Self Care, One of the Internet's Favorite Buzzwords

Self Care, One of the Internet's Favorite Buzzwords

Women have far too long been the target of marketing to fix anything from their outer appearance to their inner wellbeing. While many brands and products may partake in #SelfCareSunday on Instagram, what does that really do? Has targeting to people's mental health become a new source of revenue for companies? Self care has become a buzzword word tossed around to fix all your problems, but in all reality, if you're suffering from anxiety or depression, a nice long shower isn't going to solve anything.

For as long as I've known, even before I knew what anxiety really entailed, I have had anxiety. During college, it manifested into me getting into a complete frenzy before any test, or always trying to overbook myself in order to avoid spending time alone with my thoughts. It never felt debilitating because that's all I knew. Keep yourself busy, be the best you can be, and spend an excessive amount of time thinking and rethinking any decision you make became the norm. 

However, 2 years ago my 'run-of-the-mill anxiety' turned into panic attacks and hyperventilating during what appeared like random times. There were small signs that things were getting worse, such as checking every door, window, faucet, and light switch in the house before I went to bed. Other times, I would wake up in the middle of the night trying to catch my breath, and then end up gasping for air and crying for the next 30 minutes for reasons that were unknown to me.

I would go for a night out with my friends so I didn't have to be alone that night, only to have just a little too much to drink and not be able to suppress my panic attacks. I would end up walking out of the bar, sitting on the stoop of the bodega next door, trying to compose myself enough just so I could walk back inside like nothing happened.

I knew that wearing sunglasses on the metro ride home from work to cover up my teary eyes was no way to live, and my normal coping mechanisms of keeping myself busy wasn't working anymore.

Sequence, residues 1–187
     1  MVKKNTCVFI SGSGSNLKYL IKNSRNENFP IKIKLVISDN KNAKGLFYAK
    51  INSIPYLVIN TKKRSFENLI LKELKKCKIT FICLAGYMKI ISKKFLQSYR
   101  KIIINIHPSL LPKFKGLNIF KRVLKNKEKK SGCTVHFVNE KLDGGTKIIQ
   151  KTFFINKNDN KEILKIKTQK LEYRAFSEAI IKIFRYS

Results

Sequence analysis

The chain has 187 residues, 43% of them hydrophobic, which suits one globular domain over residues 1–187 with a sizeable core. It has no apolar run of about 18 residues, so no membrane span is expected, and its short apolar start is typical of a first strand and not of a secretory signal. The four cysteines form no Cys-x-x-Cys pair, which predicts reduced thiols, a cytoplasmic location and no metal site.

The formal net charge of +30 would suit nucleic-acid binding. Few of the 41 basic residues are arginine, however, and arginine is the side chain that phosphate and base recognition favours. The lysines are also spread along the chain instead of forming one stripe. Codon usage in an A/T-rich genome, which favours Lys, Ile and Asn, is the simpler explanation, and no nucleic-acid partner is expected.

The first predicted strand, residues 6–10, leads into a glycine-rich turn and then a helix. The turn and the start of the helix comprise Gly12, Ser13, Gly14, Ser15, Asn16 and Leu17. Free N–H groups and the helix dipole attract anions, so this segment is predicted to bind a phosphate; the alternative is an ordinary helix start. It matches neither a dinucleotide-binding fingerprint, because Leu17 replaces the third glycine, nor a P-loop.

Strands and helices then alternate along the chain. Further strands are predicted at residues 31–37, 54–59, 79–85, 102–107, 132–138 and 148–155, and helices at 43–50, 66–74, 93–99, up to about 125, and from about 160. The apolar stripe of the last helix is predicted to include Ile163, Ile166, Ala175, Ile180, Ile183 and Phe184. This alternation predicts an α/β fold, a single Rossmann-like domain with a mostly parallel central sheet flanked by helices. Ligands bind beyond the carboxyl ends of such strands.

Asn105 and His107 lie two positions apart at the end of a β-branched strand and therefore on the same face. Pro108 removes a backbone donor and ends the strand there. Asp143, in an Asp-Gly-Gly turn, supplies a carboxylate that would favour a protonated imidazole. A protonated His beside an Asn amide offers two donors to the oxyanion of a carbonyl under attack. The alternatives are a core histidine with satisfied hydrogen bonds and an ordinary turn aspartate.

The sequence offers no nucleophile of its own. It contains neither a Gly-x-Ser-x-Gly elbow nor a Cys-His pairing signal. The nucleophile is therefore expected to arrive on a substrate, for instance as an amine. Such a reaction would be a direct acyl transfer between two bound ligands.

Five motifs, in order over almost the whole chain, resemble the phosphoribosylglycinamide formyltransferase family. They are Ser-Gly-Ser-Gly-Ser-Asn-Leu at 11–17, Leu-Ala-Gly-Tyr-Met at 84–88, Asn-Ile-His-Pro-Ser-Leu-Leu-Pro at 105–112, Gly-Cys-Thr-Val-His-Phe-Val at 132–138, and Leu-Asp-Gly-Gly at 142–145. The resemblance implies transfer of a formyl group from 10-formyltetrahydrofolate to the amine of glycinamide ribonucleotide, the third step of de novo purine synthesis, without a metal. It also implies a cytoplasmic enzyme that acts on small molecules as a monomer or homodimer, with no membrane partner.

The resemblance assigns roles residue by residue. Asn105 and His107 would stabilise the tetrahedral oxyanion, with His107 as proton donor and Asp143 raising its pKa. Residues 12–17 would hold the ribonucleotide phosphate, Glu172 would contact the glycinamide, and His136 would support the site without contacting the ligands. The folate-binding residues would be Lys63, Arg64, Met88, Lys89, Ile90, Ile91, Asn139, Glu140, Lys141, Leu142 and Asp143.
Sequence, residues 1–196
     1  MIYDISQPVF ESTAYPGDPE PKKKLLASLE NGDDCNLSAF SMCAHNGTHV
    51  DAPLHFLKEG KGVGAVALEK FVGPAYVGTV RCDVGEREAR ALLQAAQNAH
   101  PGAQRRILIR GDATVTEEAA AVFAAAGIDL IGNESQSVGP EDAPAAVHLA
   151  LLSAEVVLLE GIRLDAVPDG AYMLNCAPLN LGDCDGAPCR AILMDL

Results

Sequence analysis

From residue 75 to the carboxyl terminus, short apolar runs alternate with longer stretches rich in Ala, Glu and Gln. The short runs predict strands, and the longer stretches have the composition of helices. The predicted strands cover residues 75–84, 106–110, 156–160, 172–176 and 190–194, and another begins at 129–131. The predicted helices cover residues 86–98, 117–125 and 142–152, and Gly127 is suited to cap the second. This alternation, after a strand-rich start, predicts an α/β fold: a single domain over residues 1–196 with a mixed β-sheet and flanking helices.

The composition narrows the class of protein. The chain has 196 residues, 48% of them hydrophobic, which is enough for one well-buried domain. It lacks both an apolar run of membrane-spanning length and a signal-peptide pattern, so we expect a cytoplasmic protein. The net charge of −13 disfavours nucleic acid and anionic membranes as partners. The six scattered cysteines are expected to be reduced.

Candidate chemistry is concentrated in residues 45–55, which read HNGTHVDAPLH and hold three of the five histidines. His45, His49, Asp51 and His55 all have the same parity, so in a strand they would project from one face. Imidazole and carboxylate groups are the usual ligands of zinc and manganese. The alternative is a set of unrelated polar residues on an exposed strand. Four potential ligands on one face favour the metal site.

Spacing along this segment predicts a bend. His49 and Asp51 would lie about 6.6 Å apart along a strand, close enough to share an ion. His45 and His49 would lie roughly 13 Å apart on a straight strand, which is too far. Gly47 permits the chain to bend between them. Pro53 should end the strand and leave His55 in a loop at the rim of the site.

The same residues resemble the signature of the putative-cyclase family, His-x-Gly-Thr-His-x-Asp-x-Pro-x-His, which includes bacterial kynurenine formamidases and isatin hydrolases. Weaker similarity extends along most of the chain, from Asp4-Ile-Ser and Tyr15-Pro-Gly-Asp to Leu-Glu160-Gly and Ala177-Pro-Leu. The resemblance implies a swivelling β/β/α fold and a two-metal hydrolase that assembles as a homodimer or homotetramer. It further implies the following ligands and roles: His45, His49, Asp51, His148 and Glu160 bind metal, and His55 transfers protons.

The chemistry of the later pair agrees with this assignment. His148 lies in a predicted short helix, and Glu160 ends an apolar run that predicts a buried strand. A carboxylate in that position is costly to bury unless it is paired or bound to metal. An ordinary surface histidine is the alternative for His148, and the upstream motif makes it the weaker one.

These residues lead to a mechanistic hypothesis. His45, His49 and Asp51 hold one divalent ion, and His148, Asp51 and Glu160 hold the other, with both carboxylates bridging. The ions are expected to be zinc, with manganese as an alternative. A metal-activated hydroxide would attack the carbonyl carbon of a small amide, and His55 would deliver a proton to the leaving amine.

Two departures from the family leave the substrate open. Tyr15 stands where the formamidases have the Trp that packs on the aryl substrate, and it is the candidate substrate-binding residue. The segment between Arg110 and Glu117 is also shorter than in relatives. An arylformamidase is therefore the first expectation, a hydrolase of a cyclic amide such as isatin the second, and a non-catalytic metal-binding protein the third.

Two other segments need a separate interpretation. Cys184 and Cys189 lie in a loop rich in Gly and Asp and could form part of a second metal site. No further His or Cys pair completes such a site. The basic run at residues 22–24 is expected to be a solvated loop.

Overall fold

As fortunate as I was to have been surrounded by two women who would sit with me through these panic attacks, at the end of the day, they are friends, not professional therapists. 

I wasn't sure if I was going to be able to afford therapy after realizing that my insurance wouldn't cover it. I tried TalkSpace, and much as I wanted to like it, it didn't work for me (I have known others to use it and have had great experiences, but therapy isn't a one-size-fits-all approach). I found what worked for me when I discovered a non-profit in DC that many pre-licensed therapist use to gain clinical hours. Through therapy and advice from my therapist to meet with my doctor to get on anti-anxiety medicine, things started to improve. 

All of that being said – a shower steamer won't fix your anxiety and don't let self care marketing make you feel like a singular product will solve all of your problems. But a relaxing shower, a long walk, or meditating will remind yourself to take time out of your day to focus on yourself, and not overlook mental health issues.

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